The original question had to be edited. I think that Johnny Corazon, literally meaning "heart," plays a therapeutic role in the novel. He seeks to deliver treatment that is not necessarily traditional, but holistic in its purpose. He seeks to broaden the binary divisions that define D.Q., but also define Pancho. D.Q. might not necessarily have to "choose" between "life and death." Through Johnny Corazon, there might be a way to experience healing in a sense that prepares the way for death, a way to die with dignity and understanding as opposed to the chemotherapy that kills everything in D.Q.'s body- both healthy and unhealthy cells. At the same time, Johnny is open about how his therapeutic ways might serve Pancho, as well as D.Q. When Johnny tells Pancho that this might be "for his benefit, as well," it illuminates how Pancho is a form of the living dead. Pancho is so consumed with revenge and anger that it is eating away at his being. The very life that D.Q. yearns for is something that Pancho is willing to throw away. His treatment plan involves rituals and holistic medicine that is in stark contrast to the chemotherapy that D.Q.'s mother insists he endure.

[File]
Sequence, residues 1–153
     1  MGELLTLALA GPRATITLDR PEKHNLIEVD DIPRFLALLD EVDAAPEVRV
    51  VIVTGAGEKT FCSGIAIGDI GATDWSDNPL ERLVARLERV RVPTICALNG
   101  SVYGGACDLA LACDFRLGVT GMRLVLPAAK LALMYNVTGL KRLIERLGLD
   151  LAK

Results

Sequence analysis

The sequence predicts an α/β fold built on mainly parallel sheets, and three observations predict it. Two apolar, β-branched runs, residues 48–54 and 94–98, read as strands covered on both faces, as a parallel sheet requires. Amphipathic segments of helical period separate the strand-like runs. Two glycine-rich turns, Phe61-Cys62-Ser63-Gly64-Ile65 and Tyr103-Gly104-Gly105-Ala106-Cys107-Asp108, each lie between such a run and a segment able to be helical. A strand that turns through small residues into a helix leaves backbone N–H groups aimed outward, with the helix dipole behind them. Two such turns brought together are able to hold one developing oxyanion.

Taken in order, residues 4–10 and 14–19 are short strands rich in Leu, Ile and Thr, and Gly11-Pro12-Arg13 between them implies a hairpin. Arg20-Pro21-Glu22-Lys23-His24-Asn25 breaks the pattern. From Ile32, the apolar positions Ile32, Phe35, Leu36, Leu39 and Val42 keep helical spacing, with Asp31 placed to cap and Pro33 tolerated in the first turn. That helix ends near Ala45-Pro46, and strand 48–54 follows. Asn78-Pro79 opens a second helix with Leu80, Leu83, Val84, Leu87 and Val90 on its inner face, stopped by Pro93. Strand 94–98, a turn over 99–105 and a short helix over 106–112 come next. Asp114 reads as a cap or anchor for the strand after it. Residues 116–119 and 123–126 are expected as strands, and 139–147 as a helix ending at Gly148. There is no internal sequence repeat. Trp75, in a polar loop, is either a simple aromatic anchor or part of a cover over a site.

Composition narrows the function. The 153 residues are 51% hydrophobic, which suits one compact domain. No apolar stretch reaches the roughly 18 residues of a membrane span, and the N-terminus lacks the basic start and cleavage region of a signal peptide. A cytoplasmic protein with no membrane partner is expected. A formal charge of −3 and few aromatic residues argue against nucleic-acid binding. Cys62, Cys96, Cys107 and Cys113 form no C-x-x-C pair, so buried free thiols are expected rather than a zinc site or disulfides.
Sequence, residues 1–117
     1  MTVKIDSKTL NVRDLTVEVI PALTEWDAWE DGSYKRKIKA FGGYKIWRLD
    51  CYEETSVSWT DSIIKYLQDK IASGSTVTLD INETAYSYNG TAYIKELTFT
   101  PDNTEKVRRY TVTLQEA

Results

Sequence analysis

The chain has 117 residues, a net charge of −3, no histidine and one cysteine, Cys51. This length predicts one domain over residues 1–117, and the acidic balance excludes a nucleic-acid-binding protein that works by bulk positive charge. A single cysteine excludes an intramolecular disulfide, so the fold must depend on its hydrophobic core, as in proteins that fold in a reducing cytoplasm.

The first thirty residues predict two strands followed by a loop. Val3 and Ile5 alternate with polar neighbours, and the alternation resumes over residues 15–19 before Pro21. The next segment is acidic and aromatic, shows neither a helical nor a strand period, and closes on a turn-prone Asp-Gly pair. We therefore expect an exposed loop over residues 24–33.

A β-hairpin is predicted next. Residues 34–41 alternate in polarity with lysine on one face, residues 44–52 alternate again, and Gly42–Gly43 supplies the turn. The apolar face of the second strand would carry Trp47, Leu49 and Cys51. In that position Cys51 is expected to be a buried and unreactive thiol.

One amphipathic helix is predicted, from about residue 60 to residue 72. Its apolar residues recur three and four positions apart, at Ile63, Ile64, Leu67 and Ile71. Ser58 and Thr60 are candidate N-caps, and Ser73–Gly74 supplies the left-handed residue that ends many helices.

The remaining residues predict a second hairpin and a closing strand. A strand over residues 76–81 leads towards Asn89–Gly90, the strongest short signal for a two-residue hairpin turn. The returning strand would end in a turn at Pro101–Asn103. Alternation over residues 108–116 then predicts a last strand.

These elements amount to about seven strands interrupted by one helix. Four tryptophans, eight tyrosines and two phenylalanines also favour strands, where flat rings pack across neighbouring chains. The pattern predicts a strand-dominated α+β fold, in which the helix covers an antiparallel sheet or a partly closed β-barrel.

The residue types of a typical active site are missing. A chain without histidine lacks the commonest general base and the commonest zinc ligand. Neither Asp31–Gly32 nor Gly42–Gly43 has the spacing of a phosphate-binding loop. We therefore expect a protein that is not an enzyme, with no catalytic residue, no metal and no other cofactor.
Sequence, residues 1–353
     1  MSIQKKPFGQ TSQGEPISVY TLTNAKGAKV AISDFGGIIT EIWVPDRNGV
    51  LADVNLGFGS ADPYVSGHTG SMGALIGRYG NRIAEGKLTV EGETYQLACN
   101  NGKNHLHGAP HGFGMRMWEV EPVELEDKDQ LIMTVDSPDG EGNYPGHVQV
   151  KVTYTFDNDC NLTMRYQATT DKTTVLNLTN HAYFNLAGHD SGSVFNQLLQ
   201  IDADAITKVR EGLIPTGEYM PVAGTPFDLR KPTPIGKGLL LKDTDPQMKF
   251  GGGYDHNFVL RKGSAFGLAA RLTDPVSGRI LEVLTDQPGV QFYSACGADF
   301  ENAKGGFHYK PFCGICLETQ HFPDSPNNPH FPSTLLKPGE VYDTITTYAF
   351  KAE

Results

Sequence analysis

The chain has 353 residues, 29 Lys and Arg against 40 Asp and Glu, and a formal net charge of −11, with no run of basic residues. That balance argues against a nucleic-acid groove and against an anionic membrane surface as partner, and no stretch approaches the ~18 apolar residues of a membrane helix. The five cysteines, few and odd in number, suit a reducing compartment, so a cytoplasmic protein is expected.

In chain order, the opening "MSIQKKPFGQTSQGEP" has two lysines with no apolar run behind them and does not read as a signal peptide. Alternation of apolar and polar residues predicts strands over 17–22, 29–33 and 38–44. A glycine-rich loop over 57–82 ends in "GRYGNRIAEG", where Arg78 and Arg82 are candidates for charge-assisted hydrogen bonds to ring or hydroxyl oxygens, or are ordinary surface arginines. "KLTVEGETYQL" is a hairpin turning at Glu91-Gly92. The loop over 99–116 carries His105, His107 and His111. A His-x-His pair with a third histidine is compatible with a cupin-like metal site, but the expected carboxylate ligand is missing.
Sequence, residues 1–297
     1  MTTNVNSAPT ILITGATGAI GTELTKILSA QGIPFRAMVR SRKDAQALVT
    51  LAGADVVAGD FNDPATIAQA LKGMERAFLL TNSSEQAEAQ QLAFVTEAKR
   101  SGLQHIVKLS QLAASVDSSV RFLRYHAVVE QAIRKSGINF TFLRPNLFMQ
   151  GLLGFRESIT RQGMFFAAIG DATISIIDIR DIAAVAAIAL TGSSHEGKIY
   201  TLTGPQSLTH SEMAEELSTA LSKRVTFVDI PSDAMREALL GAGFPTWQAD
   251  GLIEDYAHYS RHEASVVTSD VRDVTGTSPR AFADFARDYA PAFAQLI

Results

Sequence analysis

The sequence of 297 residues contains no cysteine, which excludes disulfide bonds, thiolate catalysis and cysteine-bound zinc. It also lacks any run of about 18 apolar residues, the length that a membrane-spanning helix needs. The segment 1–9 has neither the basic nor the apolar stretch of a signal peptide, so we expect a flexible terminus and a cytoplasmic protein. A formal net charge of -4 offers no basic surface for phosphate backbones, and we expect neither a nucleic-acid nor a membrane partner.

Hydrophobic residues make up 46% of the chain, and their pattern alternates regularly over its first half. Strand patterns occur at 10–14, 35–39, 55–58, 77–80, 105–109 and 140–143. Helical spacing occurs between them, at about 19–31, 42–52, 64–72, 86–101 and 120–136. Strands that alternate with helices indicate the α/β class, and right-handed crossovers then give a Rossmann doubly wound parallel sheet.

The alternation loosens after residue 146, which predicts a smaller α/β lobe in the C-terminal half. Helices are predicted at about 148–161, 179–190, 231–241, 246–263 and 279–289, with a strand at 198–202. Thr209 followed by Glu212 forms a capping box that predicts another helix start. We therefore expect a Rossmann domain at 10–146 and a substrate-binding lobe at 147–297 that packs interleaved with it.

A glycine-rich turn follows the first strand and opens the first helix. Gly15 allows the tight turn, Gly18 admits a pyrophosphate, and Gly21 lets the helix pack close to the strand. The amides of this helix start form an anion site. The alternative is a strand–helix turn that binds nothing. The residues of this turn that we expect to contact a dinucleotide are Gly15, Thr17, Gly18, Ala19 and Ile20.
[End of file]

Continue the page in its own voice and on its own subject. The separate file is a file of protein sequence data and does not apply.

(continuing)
Yet, the more therapeutic element of what Johnny Corazon performs is the change in Pancho. He becomes more understanding of what life is and what it means to identify himself with something more than himself and his anger. It is in this where Johnny has performed some healing. While Pancho's embrace and maturation can be attributed to many ideas, Johnny recognizes that his form of treatment "might be for his benefit" as well as D.Q.'s. As there is change in Pancho at the end of the narrative, one can see that the holistic embrace of healing has effects that extend to D.Q. and beyond him to Pancho. In Pancho finding his own "heart," Corazon's healing methods have been felt.